Portlander

Well-Known Member
With 15 #1 and 3 #2 hits to their credit on the US Adult Contemporary charts, one of the three segments should be specifically dedicated to the Carpenters in my opinion! :)
 

tomswift2002

Well-Known Member
We watched part one last night. I have thoughts.

It's good---a bit narration-heavy (I've grown used to the modern-style documentary that lets the interview subjects tell the story) and clearly aimed at people who weren't alive at the time, but demographics gotta demographic.

With only three parts at about 45-ish minutes apiece (I think we're going to see this on free TV with commercials and edits for language someday), they have to hurry and they make some odd (to me) choices.

There's a long (by the standards of this format) piece on Carpenters, but musically, it's fragments of three songs---"Close to You", "We've Only Just Begun" and "Goodbye to Love". One of the interview subjects, a hip-hop record producer, sings a fragment of "Superstar" and says "That's Carpenters, right?" He doesn't seem entirely sure. There's no indication that K&R's hit-making career goes beyond "Goodbye to Love".

An equal, if not longer segment is devoted to Captain and Tenille, and that's less about the music than it is Daryl's personality disorder and Toni's pain.

We see a picture of Joni Mitchell, but it's not identified and we never hear her, or James Taylor, or Jackson Browne. If I'm remembering right, we get a still of Carole King and that gets the same treatment. No Eagles, and only Michael McDonald-era Doobie Brothers and Peter Cetera's Chicago (focused on "If You Leave Me Now"). If music from those missing artists are in there anywhere, it'd be in the brief montage of KNX-FM. So the actual core of soft rock---the foundation---gets overlooked.

But England Dan and John Ford Coley? Check.

John Denver? He's there.

A few seconds of Brewer and Shipley singing "One Toke Over the Line"? Present.

Manilow singing "Mandy"? Yep.

Sixty-something Dan Hill telling us what moved 19-year-old him to write the lyrics (Barry Mann did the music) for "Sometimes When We Touch"? Absolutely. And in fairness, that's a great interview even if it means I now have to respect that record.

So far, it feels like the original pitch was "guilty pleasure music of the 70s" and they decided to shape it into a bit fonder look at the music (which really only comes from artist interviews saying how much they loved it).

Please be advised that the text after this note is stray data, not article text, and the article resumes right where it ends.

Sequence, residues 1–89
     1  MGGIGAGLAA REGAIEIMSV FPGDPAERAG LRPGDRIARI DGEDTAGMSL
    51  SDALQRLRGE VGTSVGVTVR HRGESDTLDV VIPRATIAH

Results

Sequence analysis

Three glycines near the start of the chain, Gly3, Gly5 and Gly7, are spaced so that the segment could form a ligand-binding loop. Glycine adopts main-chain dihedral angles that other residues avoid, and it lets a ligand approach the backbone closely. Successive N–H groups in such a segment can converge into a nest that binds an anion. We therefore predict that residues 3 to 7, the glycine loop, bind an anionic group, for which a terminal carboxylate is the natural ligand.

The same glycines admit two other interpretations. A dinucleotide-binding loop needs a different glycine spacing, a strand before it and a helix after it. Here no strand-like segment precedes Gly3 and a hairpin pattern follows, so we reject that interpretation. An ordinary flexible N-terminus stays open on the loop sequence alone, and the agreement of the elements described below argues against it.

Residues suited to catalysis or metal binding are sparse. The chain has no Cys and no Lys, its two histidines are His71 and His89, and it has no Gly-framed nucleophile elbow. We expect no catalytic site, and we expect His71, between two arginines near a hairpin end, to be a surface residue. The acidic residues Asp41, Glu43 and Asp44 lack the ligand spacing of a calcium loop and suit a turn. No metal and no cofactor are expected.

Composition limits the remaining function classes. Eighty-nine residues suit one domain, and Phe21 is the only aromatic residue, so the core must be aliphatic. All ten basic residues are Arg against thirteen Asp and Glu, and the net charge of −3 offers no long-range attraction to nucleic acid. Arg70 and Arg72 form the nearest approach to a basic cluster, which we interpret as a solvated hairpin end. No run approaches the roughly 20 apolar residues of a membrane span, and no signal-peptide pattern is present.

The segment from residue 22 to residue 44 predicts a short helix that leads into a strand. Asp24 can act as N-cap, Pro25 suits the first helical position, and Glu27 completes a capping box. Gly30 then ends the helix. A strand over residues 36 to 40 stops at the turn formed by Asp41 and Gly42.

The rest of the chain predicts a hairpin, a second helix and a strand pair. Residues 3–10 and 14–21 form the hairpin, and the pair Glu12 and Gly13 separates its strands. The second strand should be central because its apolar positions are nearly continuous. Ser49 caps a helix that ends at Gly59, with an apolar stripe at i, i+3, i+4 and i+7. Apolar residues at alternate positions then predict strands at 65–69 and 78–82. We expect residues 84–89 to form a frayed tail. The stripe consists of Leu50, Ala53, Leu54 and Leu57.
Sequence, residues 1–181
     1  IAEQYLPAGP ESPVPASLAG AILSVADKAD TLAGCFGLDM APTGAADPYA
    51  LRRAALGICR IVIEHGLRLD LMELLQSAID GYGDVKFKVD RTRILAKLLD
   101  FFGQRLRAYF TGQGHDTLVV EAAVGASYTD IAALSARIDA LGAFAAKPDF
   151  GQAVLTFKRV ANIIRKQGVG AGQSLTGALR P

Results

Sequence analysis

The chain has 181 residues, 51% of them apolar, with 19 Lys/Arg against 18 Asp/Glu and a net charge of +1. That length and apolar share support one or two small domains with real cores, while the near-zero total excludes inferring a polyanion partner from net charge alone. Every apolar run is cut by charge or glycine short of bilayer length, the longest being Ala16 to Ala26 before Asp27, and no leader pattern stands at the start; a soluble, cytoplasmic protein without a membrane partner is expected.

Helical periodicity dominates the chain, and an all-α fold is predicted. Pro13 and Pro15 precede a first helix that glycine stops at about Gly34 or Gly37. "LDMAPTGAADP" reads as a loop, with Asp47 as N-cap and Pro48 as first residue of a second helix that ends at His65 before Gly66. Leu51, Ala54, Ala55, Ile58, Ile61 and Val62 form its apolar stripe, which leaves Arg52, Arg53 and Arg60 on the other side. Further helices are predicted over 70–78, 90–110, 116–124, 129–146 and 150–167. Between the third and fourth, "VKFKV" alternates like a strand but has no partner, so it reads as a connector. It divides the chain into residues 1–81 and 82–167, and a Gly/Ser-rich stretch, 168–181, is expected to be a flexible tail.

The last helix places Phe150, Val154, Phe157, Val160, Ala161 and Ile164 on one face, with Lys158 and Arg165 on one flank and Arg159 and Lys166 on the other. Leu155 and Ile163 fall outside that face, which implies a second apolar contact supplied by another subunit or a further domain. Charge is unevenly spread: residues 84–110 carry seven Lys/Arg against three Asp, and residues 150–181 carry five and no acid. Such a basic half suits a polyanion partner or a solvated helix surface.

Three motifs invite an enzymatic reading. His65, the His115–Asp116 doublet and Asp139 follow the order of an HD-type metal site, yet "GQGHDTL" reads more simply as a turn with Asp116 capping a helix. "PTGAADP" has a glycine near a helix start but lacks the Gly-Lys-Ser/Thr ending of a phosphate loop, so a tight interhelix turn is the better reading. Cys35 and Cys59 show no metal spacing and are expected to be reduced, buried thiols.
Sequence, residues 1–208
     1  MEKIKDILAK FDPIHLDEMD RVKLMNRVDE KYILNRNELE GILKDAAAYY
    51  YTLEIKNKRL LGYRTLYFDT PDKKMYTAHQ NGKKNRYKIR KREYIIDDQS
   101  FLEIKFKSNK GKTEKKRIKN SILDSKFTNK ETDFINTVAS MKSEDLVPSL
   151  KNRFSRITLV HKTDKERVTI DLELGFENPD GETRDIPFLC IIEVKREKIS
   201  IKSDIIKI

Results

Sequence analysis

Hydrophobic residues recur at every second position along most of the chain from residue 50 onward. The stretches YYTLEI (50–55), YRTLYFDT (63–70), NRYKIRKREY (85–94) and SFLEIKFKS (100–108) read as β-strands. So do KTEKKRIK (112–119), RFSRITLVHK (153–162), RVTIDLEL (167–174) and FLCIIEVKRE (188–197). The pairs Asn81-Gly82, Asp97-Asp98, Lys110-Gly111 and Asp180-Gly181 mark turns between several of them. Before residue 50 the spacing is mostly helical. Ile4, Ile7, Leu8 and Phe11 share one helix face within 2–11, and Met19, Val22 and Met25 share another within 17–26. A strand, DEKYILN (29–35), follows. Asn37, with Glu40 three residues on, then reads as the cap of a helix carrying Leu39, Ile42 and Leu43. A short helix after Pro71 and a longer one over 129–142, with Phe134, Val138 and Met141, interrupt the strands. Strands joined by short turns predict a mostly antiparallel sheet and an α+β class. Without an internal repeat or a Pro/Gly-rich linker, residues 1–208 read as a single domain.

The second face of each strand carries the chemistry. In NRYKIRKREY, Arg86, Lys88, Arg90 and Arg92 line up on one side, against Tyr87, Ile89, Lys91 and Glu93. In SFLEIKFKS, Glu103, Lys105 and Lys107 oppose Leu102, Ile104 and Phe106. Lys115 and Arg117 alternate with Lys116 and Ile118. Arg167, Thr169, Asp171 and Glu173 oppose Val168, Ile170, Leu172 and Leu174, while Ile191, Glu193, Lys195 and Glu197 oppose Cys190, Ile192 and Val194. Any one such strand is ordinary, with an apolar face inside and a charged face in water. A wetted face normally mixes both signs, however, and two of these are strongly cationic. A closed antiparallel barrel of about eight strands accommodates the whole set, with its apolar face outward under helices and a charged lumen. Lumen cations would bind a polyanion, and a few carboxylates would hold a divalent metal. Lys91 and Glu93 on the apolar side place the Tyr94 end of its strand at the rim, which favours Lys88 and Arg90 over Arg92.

Interested to watch part 2 tonight and part 3 tomorrow night.
Unless the station edits the program for language, then most broadcasts on traditional stations and networks don’t remove foul language from streaming programs. Up here in Canada I’ve been surprised when I’ve seen the post-2016 Star Trek’s aired on CTV’s Sci-Fi channel with no editing to remove f-bombs and other questionable language, especially when the programs air between 8 & 10 pm.
I though CBS/Paramount would’ve prepared edited masters where the content was cut or they had the actors shoot a safe version of the scene for traditional broadcast, but no they just air the streaming version.
 

Michael Hagerty

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Contributor
Maybe Paramount-CBS will eventually release it on DVD or Blu-Ray. I don’t subscribe to any streaming services as they are like cable and satellite services were in the 90’s and 2000’s.
The major difference is that there are no subscription term minimums and no cancellation fees. And instead of $20-$40 a month for cable, it's $10-$15 a month. So you can spend a month or two watching everything that appeals to you on (for example) Netflix, then move to Prime or HBO or Paramount+(or whatever---I think there are like seven majors).
 
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Michael Hagerty

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Contributor
With 15 #1 and 3 #2 hits to their credit on the US Adult Contemporary charts, one of the three segments should be specifically dedicated to the Carpenters in my opinion! :)
Hey, to heck with the Adult Contemporary charts, which were pretty close to meaningless, let's look at the Hot 100:

  • Three #1s
  • Five #2s
  • Twelve Top Tens
  • Ten million-sellers
I'm starting to suspect that a lot of the artist focus has to do with music licensing fees. But two episodes in, we have to be somewhere in the area of 12 minutes on Captain and Tenille and----three? maybe?----on Carpenters. Who, if you get right down to it, might have been the first non-singer/songwriter soft rock act to hit #1. C&T were five years later.
 

1969

Active Member
Harry, thanks for moving it from the the Carpenters Forum, but can you please delete my original post in this thread. I found out after the fact that one was already started here last Friday in the "Music Forum" by GDBY2LV.

 

1969

Active Member